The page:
Former Broken Arrow football player now tackling terrorism
BY BILL HAISTEN World Sports Writer
Monday, May 09, 2011
5/09/11 at 9:24 AM
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During the 1999 football season, as the senior starting center for the Broken Arrow High School team, Jason Armstrong says he was driven exclusively by two goals - to beat Union and to beat Jenks.
Beyond that, he says, "I was planning on playing college football and really had no plans otherwise."
But because he felt compelled to serve in the war on terror, he now is known as Army Sgt. Jason Armstrong, currently on deployment in Iraq with his Fort Riley, Kan.-based field artillery unit. He is the father of two children - 6-year-old daughter, Ruthie, and son, Jack, who turned 4 on Saturday.
Last week, when news bulletins reported that Navy SEALs Team 6 had killed Osama bin Laden, Armstrong was having lunch in Iraq. His wife, Mary Armstrong, was watching a movie in her Broken Arrow home when she received text-message alerts of bin Laden's demise.
Armstrong's mother, Patty Hardgraves of Broken Arrow, wasn't aware of the bin Laden story until she saw the chatter on Facebook.
Bin Laden and others with terrorism agendas affected millions of lives, including those of Jason, Mary and Patty.
After graduation from high school, Armstrong did construction work. On Sept. 11, 2001, when hijacked planes were flown into the World Trade Center towers, he was on a brick-laying project in south Tulsa.
Armstrong said he was profoundly affected by the 9/11 attacks, and Mary remembers his 2004 enlistment decision as having come "out of the blue."
"He walked into the recruiting office and said, 'Sign me up,'" Mary said. "Jason felt a responsibility to help protect our country."
A few weeks later, Mary and Jason were married.
"I felt like I wanted to earn my freedom," Armstrong said during a telephone interview. "I wanted to do my part. That's when I decided to go ahead and join. (U.S. military personnel) were over here in Iraq and Afghanistan, fighting for our freedom, and I felt like I wanted to do my part."
In 2006, during his first Iraqi tour, Armstrong was a gunner and involved in combat assignments.
"There were a lot of sleepless nights in 2006," Hardgraves said. "I talked to Jason on the phone this morning. We're able to talk nearly every day. When he went there in 2006, we didn't get to talk very often. It was difficult."
Armstrong described his reaction to President Barack Obama's confirmation that bin Laden had been killed in Pakistan.
"I saw it on the Armed Forces Network," said Armstrong, 30. "Everybody here is wrapped up in the mission we have here - advising and assisting the Iraqi army. We're heading forward and trying to see this thing through here in Iraq.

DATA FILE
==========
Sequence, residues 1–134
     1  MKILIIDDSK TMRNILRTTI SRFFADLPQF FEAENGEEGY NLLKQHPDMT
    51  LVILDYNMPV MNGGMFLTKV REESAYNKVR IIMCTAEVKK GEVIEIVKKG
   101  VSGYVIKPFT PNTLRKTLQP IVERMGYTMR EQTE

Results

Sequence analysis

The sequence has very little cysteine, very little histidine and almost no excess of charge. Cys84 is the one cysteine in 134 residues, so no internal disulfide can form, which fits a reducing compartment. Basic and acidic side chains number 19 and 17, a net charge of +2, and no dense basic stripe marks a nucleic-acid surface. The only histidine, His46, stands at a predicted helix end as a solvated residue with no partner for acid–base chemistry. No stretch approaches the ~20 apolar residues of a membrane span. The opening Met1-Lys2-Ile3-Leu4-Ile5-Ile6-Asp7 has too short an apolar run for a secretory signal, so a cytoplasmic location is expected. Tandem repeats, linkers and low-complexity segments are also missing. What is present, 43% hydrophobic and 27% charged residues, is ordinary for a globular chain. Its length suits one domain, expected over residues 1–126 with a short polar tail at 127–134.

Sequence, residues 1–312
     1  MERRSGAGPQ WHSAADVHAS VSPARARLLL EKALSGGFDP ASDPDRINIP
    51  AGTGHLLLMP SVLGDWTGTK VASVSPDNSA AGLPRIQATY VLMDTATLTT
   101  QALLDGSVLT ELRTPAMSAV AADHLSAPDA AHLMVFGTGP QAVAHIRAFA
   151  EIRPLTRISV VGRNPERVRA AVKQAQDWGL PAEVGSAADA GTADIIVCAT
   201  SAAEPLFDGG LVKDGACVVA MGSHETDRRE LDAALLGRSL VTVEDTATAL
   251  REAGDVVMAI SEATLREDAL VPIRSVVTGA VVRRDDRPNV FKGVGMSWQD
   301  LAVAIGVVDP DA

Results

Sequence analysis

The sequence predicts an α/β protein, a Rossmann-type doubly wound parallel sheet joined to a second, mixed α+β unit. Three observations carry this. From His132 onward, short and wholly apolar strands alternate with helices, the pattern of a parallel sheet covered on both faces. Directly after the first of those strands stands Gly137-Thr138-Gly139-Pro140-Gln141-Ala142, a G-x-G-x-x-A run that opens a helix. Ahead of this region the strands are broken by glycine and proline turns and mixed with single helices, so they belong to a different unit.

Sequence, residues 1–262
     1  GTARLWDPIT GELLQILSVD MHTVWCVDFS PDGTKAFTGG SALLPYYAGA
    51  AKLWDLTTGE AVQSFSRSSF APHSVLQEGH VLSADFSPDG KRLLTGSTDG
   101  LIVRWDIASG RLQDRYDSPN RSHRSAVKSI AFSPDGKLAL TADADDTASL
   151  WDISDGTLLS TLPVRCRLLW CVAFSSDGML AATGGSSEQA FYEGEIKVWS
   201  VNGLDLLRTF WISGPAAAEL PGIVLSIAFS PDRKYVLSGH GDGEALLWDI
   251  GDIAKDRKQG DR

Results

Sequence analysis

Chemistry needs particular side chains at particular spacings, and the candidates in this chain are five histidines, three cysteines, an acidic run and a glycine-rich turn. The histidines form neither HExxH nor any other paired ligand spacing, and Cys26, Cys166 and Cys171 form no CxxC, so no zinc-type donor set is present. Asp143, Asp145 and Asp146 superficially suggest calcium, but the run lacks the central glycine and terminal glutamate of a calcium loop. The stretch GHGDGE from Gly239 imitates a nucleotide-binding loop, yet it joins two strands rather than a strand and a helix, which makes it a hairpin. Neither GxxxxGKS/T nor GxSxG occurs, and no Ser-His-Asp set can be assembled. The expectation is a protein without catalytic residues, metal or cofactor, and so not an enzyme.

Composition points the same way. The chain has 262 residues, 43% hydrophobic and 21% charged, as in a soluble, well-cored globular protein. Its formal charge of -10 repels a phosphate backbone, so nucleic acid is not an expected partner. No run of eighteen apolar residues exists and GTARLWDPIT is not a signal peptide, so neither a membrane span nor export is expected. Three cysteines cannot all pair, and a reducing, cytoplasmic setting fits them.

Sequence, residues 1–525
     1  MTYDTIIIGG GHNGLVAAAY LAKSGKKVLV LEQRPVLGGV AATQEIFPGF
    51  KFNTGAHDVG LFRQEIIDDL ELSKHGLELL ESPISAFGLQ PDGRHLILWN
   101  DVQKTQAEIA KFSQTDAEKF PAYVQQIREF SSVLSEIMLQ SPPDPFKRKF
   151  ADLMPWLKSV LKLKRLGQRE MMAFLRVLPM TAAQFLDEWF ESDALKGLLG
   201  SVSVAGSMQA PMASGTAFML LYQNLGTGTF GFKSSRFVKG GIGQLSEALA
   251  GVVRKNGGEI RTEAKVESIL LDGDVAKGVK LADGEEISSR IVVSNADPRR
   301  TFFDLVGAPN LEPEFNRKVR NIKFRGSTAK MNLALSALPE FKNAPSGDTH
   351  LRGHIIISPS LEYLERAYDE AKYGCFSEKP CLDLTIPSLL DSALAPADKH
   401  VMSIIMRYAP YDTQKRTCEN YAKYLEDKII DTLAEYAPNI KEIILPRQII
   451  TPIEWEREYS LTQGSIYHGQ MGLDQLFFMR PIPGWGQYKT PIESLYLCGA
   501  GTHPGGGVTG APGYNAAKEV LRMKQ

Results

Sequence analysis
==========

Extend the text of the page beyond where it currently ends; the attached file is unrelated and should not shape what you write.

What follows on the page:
"So, with the (bin Laden announcement), I myself didn't see a lot of rejoicing here. We saw it, we read it and then we moved on."
If not for a twist of fate, Armstrong might now be a Naval officer.
In 2004, he said, "I was going to join the Navy first. I was in Tulsa, at (Woodland Hills Mall). The Navy recruiting station was over by Toys R Us. I decided, 'I'm going to (enlist) today.'
"I drove over there and the (Navy recruiting officials) were not in. They were at lunch. So I went to the Army recruiting office and said I wanted to join the Army."
As a Broken Arrow football player, the 5-foot-10 Armstrong weighed 260 pounds. Today, he weighs 196.
"We've got a physical fitness test and we have to uphold Army standards," he said. "They want us in shape. I'm a lot leaner."
Asked whether he plans to remain in the Army on a long-term career basis, Armstrong said, "I haven't made that decision yet. As the kids get older, and you're away from them with deployments like this one, and with my wife going to nursing school (at Oral Roberts University) ... it's going to be a family decision when it comes time, but I still have until 2013 on this contract."
Armstrong is scheduled to leave Iraq in November and should remain in the U.S. for at least a full year. Obviously, though, his status is subject to change: "It depends on what's going on in the world.
"Any place in the United States looks really pretty when I come home from Iraq," he said. "I love Oklahoma. No dust. No sand. I'm tired of the dust and sand and rocks."
During Armstrong's senior season at Broken Arrow, he sustained a shoulder injury. Mary was a sophomore and an athletic trainer who assisted with Jason's treatment.
"We got to know each other better," Mary recalls. "One day, he asked me out. And then he asked me to the prom. It was exciting, getting asked to the prom by a senior. We just wound up staying together."
Asked whether she was relieved that bin Laden had been shot by U.S. forces, Mary replied, "It doesn't mean that Jason gets to come home. I'm never really comfortable until he is home."
Original Print Headline: Former BA football player now tackling terrorism
Bill Haisten 918-581-8397
Army Sgt. Jason Armstrong: The former Broken Arrow football player is on deployment in Iraq because he wanted to earn his freedom.